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Brown on the Community of the Beloved Disciple


I hope to share some reflective thoughts About Raymond E. Brown’s bookThe Community of the Beloved Disciple: The Life, Loves, and Hates of an Individual Church in New Testaments Times.

Raymond E. Brown was perhaps the greatest Johannine scholar of the twenty-first century. In this book, Brown endeavored not only to reconstruct the history of Johannine community in the first century but also, by implication, attempted to give us an account on the formation of the Christian faith. He approached the matter predominantly from the perspectives of the Gospel of John and the Johannine Epistles. I suggest that both the Gospels of John and Epistles of John, and Luke-Acts (perhaps Paul?) are necessary to reconstruct the origins of Christianity. So these documents are invaluable tools to help us discover how everything had started. At any rate, this notion is a matter of considerable discussion among New Testament scholars, so let’s go back to Brown.

As I mentioned above, Brown’s basic purpose in this volume is to find out how the Johannine community had emerged throughout its history. He did through a successful investigation of both the Gospel of John and Epistles of John. By the way, the hypothesis Brown employed in this work is questionable by many reputable Johannine scholars, but he has strong arguments.

INTRODUCTION: Problem and Method in Discerning Johannine Ecclesiology

The introduction deposits Brown’s plan for the book. He hopes to study the history of the Johannine community by treading primarily the Gospel of John, then, John’s Epistles on various different levels. By taking this approach, Brown assures us that both the story of Jesus and the Johannine community could be accessed and reconstructed. Brown’s method here is parallel to that of Bultmann’s and Wellhausen’s; the latter contended that chiefly the four Gospels inform us about the Sitz im Leben of the church in which they were written, and only in secondary about the life of Jesus which prima facie they depict . By applying this principle, Brown approaches the matter by employing various reading levels and adopting four different phases:

1.Phase One, “the pre-Gospel era, involved the origins of the community, and its relation to mid-first century Judaism.” The composition of the fourth Gospel occurred prior to the expulsion of Johannine Christians from the synagogues (John 9:22; 16:2). The basis of this incident related to what “they were claiming about Jesus” (22).

1.Phase Two, “involved the life-situation of the Johannine community at the time the Gospel was written.” Brown maintains the traditional date for the writing of John, A.D. 90. However, he accentuates that the main writing of John took place during that year, not the final product. Another difficulty in the Gospel is the continuous presence and echo of (the) “Jews” (“Ioudaioi”). Brown also believes within the Johannine community there existed the insistence on a high Christology, “made all the more intense by the hard struggles with the ‘Jews.’”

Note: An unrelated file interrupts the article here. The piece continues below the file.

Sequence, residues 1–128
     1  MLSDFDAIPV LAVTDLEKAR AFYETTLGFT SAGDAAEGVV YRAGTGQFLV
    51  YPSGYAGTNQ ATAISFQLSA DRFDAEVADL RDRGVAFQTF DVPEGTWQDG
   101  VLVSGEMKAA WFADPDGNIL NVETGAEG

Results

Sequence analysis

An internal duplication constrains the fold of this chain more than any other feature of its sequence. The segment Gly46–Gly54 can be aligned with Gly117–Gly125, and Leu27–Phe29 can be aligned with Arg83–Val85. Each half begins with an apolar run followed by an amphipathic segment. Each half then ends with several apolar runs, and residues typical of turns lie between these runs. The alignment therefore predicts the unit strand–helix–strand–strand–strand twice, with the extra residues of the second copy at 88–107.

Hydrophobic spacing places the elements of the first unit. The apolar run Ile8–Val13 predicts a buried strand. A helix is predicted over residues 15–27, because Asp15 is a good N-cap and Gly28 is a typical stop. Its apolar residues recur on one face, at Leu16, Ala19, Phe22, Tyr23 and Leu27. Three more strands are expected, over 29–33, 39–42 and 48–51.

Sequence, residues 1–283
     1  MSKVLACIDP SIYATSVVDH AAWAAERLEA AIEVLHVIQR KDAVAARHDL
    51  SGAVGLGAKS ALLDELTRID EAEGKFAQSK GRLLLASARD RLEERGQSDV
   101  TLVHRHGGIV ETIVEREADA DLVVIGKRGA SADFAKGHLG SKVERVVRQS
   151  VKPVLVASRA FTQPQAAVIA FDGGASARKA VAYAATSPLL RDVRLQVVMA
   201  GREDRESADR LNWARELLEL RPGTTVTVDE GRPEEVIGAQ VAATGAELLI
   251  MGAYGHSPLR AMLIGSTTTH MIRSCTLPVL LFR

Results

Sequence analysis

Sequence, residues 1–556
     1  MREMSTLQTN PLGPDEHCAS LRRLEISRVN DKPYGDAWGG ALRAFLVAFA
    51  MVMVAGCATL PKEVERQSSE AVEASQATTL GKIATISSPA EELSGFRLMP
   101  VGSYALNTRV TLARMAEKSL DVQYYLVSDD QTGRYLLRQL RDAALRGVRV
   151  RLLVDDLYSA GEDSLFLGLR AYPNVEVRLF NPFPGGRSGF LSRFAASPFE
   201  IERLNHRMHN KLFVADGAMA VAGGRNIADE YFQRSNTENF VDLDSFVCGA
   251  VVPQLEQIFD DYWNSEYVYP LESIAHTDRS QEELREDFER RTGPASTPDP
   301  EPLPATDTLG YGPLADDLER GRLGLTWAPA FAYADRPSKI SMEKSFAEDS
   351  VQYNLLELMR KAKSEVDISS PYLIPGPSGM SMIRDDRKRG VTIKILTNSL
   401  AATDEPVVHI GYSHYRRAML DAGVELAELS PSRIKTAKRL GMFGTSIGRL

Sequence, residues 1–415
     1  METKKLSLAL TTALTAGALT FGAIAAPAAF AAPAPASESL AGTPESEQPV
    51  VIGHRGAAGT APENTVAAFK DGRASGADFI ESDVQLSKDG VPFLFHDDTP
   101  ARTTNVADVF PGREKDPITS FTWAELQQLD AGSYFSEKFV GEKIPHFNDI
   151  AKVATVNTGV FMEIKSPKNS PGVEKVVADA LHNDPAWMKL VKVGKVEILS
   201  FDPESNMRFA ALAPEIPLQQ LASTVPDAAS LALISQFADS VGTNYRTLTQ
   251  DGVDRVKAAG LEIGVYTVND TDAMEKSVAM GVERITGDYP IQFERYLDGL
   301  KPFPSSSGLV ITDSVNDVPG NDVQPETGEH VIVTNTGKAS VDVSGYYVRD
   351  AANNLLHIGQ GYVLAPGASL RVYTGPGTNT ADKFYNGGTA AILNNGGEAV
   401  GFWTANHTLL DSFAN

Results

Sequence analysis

2.Phase Three, involved “the life-situation in the now-divided Johannine communities at the time the Epistles were written” (A.D. 100?). Brown appeals to 1 John 2:19 to describe the trajic division occurred between the Gospel and the Epistles, which he explains in this term, “ … the struggle is between two groups of Johannine disciples who are interpreting the Gospel in opposite ways, in matter of christology, ethics, and pneumatology. The fears and pessimism of the author of the Epistles suggest that the secessionsts are having the greater numerical success ( I John 4:5), and the author is trying to bolster his adherents against further inroads of false teachers (2:27; II John 10-11). The author feels that it is “the last hour” ( 23; I John 2:18).” That was the BIG DEAL according to Brown!

3.Phase Four, “saw the dissolution of the two Johannine groups after the Epistles were written. The great departure happened between the secessionists and the conservation side of the Johannine community. So they disfellowshipped among themselves, and were no longer in community. According to Brown, it was the secessionists’ initiation to divide because of their misuse of the Fourth Gospel. As a result, there arose publicly various sects or groups in the second century inclining toward, Docetism, Gnosticism, Cerinthianism, and Monanism.

PHASE ONE: Before the Gospel –Johannine Community Origins

Brown’s argument is basic but profound. He contends that in the early period of the life of the church consisted of Jews whose belief could be labeled as both “low Christology” and “higher Christology.” By “low Christology,” “involves the application to Jesus of titles derived from OT or intertestamental expectations (e.g., Messiah, prophet, servant, lord, Son of God)—titles that do not in themselves imply divinity, whereas, “high Christology,” “involves an appreciation of Jesus that moves him into the sphere of divinity, as expressed, for instance, in a more exalted use of Lord and Son of God, as well as the designation “God.” In other words, some Jews highly regarded Jesus as divine, while others rejected his divine nature.

Brown sees both continuity and discontinuity of this notion transmitted in other Jewish churches associated with the apostles.